How to quantify the thermal advantages of a white thermos?

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My understanding is that you could expect a white thermos to hold heat better than a black one as it doesn't lose heat through radiation as much. Is there a way to calculate the difference in heat retention?
 

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Charles Link
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It is the emissivity at the IR (infrared) wavelengths that determines whether the heat is radiated away or not. Having a white color (low absorption=low emissivity) in the visible does not mean that it is low emissivity in the mid-IR (3-6 microns) and slightly longer wavelengths, out to about 20 microns, where most of the thermal radiation will occur at from temperatures around 300-350 Kelvin. (Wien's law and/or the Planck function tells you the wavelengths of interest). For maximum containment of the heat, if the outer surface becomes warm, the outer surface needs to have low emissivity in the infrared, and it will thereby will radiate less. ## \\ ## For thermos bottle design, it is really more optimal to contain the heat in the interior, by using glass surfaces whose outer coating is metallic. Some metals do have low emissivity throughout the infrared. These surfaces also work for keeping the inside cool in the case of cold beverages, by reflecting away any incident (radiated) thermal energy that comes from the outside. ## \\ ## Oftentimes, the design in thermos bottles is a vacuum between two glass layers, I believe with metallic coating on the glass surfaces that make up the vacuum cavity. That way, heat conduction is minimized by the vacuum, and radiative transfer is also minimized. ## \\ ## Meanwhile, even if a thermos bottle uses a high quality solid insulator instead of a vacuum type design, the emissivity of the outer surface is normally of a lower priority for ensuring good containment of the heat.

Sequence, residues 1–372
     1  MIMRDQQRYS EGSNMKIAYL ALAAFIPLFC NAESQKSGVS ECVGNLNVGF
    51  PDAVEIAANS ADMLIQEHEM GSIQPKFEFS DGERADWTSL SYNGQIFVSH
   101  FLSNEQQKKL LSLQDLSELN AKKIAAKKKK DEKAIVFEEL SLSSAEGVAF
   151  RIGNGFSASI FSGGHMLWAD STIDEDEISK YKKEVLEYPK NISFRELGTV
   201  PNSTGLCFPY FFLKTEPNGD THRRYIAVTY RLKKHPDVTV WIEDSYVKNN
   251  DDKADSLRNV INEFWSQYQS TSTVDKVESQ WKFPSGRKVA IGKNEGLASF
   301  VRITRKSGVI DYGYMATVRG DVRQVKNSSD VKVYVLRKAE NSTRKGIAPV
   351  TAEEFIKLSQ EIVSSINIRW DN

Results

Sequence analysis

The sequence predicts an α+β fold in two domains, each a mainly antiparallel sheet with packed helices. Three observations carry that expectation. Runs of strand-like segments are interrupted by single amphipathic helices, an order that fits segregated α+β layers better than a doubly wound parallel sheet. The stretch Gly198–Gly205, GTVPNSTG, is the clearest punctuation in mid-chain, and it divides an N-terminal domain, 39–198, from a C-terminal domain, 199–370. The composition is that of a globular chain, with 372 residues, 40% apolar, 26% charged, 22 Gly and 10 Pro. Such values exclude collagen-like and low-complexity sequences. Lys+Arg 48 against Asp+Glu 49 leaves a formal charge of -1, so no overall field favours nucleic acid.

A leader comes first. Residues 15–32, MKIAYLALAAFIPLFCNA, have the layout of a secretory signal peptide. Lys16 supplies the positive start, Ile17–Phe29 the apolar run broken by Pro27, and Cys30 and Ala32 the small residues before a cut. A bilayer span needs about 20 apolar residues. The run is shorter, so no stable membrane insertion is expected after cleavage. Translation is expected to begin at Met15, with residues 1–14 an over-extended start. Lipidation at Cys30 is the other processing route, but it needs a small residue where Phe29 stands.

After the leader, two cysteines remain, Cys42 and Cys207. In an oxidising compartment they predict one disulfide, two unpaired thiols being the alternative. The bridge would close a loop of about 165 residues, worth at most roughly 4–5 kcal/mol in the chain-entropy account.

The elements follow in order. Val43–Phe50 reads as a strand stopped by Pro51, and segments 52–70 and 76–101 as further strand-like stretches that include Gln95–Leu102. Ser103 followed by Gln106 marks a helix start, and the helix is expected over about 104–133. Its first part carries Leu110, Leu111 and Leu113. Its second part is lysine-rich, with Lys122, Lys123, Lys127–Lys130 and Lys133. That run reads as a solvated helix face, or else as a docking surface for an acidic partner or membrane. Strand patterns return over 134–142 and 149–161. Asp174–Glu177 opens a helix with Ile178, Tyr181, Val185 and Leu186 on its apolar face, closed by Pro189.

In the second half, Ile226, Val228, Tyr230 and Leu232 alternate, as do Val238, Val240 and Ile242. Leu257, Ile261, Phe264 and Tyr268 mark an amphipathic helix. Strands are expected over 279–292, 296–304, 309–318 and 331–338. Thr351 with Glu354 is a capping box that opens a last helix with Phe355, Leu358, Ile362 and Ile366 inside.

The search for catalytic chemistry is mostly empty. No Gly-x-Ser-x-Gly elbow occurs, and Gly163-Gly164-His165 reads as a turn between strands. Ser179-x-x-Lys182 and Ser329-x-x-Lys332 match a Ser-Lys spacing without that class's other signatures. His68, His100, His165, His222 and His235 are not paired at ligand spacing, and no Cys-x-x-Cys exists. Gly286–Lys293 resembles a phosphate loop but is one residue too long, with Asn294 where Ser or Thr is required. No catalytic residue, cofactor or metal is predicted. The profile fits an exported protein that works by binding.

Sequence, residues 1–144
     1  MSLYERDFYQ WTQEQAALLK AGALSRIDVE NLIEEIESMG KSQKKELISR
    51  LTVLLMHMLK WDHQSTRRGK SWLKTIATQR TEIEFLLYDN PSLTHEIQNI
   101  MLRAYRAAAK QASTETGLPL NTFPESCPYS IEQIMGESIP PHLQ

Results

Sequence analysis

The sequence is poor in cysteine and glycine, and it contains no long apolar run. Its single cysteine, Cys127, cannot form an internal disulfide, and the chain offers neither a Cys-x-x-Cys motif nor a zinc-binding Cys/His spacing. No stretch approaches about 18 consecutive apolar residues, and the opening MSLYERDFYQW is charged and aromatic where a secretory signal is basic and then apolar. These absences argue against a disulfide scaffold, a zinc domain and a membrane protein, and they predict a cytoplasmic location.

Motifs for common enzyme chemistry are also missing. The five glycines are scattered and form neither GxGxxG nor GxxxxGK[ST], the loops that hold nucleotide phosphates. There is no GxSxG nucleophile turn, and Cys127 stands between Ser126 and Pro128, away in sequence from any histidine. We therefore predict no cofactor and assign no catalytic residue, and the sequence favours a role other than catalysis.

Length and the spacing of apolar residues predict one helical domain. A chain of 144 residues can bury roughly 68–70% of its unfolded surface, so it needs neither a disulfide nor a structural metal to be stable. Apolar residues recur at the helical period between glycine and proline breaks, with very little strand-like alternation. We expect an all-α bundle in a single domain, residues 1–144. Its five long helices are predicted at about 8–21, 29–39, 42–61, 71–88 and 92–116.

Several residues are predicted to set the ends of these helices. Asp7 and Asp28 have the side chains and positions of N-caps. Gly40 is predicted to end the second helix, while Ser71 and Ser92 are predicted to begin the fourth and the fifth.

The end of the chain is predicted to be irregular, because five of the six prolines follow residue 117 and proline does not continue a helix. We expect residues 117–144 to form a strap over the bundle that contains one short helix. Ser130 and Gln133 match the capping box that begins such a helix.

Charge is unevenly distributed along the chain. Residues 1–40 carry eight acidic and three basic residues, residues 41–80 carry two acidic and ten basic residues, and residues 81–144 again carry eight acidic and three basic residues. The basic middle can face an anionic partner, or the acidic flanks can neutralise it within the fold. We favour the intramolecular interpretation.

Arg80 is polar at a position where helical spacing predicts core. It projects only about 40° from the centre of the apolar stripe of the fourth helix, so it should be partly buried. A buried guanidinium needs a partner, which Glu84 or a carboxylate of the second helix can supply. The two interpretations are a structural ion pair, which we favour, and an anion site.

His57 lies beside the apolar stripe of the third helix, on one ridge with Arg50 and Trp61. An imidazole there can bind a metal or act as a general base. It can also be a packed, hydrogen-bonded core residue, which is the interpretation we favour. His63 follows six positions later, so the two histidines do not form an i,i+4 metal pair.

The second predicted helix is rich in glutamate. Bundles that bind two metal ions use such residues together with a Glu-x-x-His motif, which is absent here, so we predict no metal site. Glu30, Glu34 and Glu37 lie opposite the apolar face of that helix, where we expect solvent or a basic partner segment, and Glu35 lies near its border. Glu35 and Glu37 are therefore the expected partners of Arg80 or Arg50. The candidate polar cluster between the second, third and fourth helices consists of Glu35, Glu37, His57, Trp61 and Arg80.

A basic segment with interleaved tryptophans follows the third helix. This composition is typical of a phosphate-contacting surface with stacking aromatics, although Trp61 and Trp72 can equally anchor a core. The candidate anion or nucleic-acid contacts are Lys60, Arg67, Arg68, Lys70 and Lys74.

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kuruman
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That way, heat conduction is minimized by the vacuum ...
The vacuum also minimizes convection, don't forget.
 
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